Philanthropy Roundtable

The Philanthropy Roundtable


The Philanthropy Roundtable describes itself as “America’s leading network of charitable donors working to strengthen our free society, uphold donor intent, and protect the freedom to give” with members including individual philanthropists, families, and private foundations. The Philanthropy Roundtable‘s stated mission is to “foster excellence in philanthropy, to protect philanthropic freedom, to assist donors in achieving their philanthropic intent, and to help donors advance liberty, opportunity, and personal responsibility in America and abroad.”1Who We Are,” Philanthropy Roundtable. Archived April 11, 2019. URL:

The Philanthropy Roundtable was founded in the 1970s and initially operated under the auspices of the Institute for Educational Affairs (IEA) and headed by Leslie Lenkowsky, who was a research fellow with the American Enterprise Institute. In 1987, he began publishing IEA’s quarterly newsletter Philanthropy and distributing it among grantmakers. In 1991, the Roundtable became its own independent non-profit corporation with headquarters in Indianapolis, for a period, with Kimberly Dennis serving as the first executive director until 1996. Dennis is now president and CEO of Searle Freedom Trust, chairman of the board of DonorsTrust, a former director at the Property and Environment Research Center (PERC), and former member of the Philanthropy Roundtable’s board of directors. It is now run by Adam Meyerson, a former executive of the Heritage Foundation and a former managing editor of American Spectator, and it is located in Washington, DC.2History of The Philanthropy Roundtable,” Philanthropy Roundtable. Archived April 11, 2019. URL: 3Directors & Staff,” DonorsTrust. Archived April 11, 2019. URL: 4Our Board,” Philanthropy Roundtable. Archived August 13, 2012. URL:

In a 2019 article in Environmental Research Letters, researching climate change misinformation in US philanthropy, Yale University’s Dr. Justin Farrell described The Philanthropy Roundtable as “perhaps the leading institution shaping US philanthropy.” He added, “this institution birthed the untraceable and hugely influential donor-directed funds DonorsTrust and Donors Capital Fund, which some researchers have hypothesized have played a role in climate change contrarianism.”5Justin Farrell. “The growth of climate change misinformation in US philanthropy: evidence from natural language processing” (PDF), Environmental Research Letters. 14 034013 (2019).

According to Media Matters: “The Philanthropy [Roundtable] fights what it considers the increasingly growing public view that foundations should be accountable to the public. The group is opposed to more efforts at transparency, believing that ‘foundations are private organizations that should be free to make their own governance and grantmaking decisions so long as they operate with integrity and use their assets for genuinely charitable purposes.’”6Philanthropy Roundtable,” Media Matters. Archived May 3, 2012. URL:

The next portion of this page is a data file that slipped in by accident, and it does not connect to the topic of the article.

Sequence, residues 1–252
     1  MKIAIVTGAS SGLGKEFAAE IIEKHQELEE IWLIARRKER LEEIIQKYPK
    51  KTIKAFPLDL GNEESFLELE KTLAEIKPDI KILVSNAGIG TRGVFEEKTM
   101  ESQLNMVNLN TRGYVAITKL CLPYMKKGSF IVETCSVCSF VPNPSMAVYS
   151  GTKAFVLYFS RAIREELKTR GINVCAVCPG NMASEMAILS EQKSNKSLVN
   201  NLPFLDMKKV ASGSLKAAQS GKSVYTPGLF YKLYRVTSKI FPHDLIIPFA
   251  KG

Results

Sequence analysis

The Philanthropy Roundtable’s listed programs include:

In January 2005, the Philanthropy Roundtable launched the Alliance for Charitable Reform (ACR), a group that has actively opposed legislation that would increase disclosures of philanthropic giving as well as regular reviews of organizations to assess tax-exempt status.7ABOUT US,” Alliance for Charitable Reform. Archived April 12, 2019. URL:

Dark Money “Illuminates Our Free Society”

Adam Meyerson, the president of the Philanthropy Roundtable since 2001, has argued that “dark money” isn’t necessarily a bad thing. In an article posted in Philanthropy, the quarterly magazine of The Philanthropy Roundtable, Meyerson wrote:8Adam Meyerson. “President’s Note: Misconceptions about ‘Dark Money’,” Philanthropy Roundtable, Fall 2013. Archived April 9, 2019. URL:

“Liberal critics of DonorsTrust, a donor-advised-fund sponsor for ‘organizations that promote liberty,’ have labeled it as a ‘secretive funding network’ and ‘dark-money ATM.’ But the right to privacy enjoyed by contributors to donor-advised funds is no different than the right to privacy that governs the overwhelming majority of charitable giving.


“So-called ‘dark money’ illuminates our free society.”9Adam Meyerson. “President’s Note: Misconceptions about ‘Dark Money’,” Philanthropy Roundtable, Fall 2013. Archived April 9, 2019. URL:

Koch Ties

In addition to support of at least $385,290 from Koch-related foundations, the Philanthropy Roundtable bestowed the “William E. Simon Prize for Philanthropic Leadership” to Charles G. Koch in October 2011.10Market-Based Man,” Philanthropy Roundtable, 2011. Archived January 19, 2016. URL:

Greenpeace has described Koch Industries, run by Charles and his brother David Koch, as a “kingpin of climate science denial,” outpacing ExxonMobil when it comes to donations to organizations opposing established climate science and regulations to combat greenhouse gas emissions.11Koch Industries: Secretly Funding the Climate Denial Machine (PDF), Greenpeace, March 2010.

Koch Family Foundations—including the David H. Koch Foundation, the Charles G. Koch Charitable Foundation, and the Claude R. Lambe Charitable Foundation (disbanded as of 2013)—have given over $100 Million to conservative organizations, many of which are dedicated to opposing policies to combat climate change.12Koch Industries: Secretly Funding the Climate Denial Machine,” Accessed March 11, 2017. Data on file at DeSmog.

Stance on Climate Change